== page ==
San Diego Has a Cannabis Business Accelerator
Canopy San Diego is shifting how we think about the marijuana industry
When it comes to cannabis, local investors and entrepreneurs are seeing green. A new business accelerator called Canopy San Diego is investing time and money in technology startups that offer ancillary services—renewable energy, back-office software, and mobile phone apps—to the billion-dollar cannabis industry.
Recreational marijuana use by adults became legal last November when voters approved Proposition 64—with retail sales reported to begin in early 2018—and medical use has been legal for two decades.
Canopy San Diego managing director Jack Scatizzi says the Sorrento Valley–based accelerator isn’t interested in companies like growers or sellers that directly “touch the plant.” He says the real money is in this new crop of businesses offering tech services to cultivators, dispensaries, and patients.
“Our goal is to help build the technology infrastructure to the scale of market demands and at the rate at which it’s being legalized,” says Scatizzi, who was once head analyst of the San Diego investors network Tech Coast Angels.
Canopy San Diego is nurturing a portfolio of 16 cannabis-adjacent businesses with an infusion of cash, boot-camp-style mentorship, and perks like office space. In exchange for $20,000 in seed capital, Canopy San Diego takes an equity position of between 6 and 9.5 percent in each company. Those who wow investors could receive up to $50,000 more after completing a 16-week business development program.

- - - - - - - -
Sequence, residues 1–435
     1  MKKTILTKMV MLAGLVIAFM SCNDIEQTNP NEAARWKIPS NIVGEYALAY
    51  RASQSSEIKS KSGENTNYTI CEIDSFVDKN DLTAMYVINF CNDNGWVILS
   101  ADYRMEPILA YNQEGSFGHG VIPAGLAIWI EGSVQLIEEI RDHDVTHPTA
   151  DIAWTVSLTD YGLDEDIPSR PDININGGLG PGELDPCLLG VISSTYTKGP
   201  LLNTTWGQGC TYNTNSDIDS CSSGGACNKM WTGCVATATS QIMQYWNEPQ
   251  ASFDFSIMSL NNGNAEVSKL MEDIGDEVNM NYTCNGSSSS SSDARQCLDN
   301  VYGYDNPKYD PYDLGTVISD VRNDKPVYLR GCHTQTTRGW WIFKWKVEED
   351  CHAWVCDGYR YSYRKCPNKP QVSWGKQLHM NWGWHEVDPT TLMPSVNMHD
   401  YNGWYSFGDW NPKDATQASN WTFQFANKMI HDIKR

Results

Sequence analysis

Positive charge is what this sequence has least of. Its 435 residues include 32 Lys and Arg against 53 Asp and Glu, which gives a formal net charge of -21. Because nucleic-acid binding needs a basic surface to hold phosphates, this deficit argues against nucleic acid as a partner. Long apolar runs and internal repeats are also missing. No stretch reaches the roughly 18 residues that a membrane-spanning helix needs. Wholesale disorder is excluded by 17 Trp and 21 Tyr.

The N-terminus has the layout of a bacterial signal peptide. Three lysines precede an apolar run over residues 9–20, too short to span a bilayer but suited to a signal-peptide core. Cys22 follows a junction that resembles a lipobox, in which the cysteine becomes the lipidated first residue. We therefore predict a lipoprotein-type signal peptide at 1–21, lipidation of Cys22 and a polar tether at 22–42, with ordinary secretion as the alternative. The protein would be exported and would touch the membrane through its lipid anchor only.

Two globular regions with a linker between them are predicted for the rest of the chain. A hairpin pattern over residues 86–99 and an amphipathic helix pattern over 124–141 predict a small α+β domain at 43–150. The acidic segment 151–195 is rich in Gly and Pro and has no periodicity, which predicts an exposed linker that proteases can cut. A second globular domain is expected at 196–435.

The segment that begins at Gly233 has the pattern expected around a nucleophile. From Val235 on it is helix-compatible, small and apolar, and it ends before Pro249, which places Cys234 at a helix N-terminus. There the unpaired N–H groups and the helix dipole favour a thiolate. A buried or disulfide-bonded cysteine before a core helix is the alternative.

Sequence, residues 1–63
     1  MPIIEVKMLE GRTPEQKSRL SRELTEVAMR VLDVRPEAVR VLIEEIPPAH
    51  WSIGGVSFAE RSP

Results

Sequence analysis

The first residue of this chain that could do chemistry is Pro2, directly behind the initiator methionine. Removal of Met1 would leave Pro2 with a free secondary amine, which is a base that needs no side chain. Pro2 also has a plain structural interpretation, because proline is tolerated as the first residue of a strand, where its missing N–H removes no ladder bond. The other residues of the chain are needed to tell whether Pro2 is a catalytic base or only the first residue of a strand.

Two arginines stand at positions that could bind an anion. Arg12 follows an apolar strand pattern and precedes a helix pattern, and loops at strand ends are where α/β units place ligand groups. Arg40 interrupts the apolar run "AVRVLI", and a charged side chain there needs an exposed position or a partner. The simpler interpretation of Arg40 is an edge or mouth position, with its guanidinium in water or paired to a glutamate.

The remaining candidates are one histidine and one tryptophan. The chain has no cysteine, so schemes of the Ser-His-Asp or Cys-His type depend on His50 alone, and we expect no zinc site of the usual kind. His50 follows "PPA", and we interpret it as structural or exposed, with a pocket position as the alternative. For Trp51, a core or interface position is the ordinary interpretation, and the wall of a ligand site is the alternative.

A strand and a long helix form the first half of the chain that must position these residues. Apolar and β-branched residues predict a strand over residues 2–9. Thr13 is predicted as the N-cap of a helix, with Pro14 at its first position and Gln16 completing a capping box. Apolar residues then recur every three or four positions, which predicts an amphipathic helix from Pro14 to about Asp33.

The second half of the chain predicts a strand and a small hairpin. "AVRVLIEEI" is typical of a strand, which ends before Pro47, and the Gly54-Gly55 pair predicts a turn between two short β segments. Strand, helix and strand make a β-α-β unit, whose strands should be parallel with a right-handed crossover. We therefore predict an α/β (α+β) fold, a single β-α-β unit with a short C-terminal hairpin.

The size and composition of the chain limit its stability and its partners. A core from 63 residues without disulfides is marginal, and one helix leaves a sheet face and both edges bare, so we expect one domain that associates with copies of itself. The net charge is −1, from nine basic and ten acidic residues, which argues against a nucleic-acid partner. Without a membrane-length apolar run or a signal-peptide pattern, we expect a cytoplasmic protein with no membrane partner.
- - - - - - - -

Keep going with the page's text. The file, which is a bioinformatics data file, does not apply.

Canopy San Diego’s first cohort included LooseLeaf Tech, which is developing a mobile platform for patients with chronic conditions like epilepsy, cancer, and multiple sclerosis. Patients will use the app to track their cannabis usage to find their best treatment protocol, says CEO Daniel Hopson. Having previously worked in real estate financing as a vice president for Wells Fargo, Hopson couldn’t ignore the metrics: the medical marijuana segment is a high-risk industry with the potential for huge returns for investors and customers alike.
“Once I figured out that patients were being left behind to serve the recreational user, I decided to fully embrace it,” Hopson says. “Medical developments are going to be the foundation of the cannabis industry and will give it credibility.”
Direct Cannabis Network CEO Adelia Carrillo is another graduate of Canopy San Diego. She made the jump from consumer electronics and launched her digital news platform for the cannabis industry—she likens it to CNET—after using cannabis as a treatment for postsurgical pain.
“Coming from the corporate world, I think we’re able to have that professionalism that’s missing in this industry. We have a real opportunity if we’re able to stay ancillary and tech-focused,” she says.
Other Canopy San Diego portfolio companies doing early work in the field include Traffic Roots, which hopes to help cannabis brands amass online impressions through digital display advertising; EventHi, which plans to offer users an online tool for finding and reserving tickets to cannabis-friendly events like conferences and yoga sessions; and Urban Labs, which is building a scalable “lab in a box” for cannabis testing.
Scatizzi says large corporations have so far avoided the cannabis industry because of federal legislation. He predicts that as cannabis becomes more widely accepted for medical and recreational use, early entrants in the field will be ripe for the picking.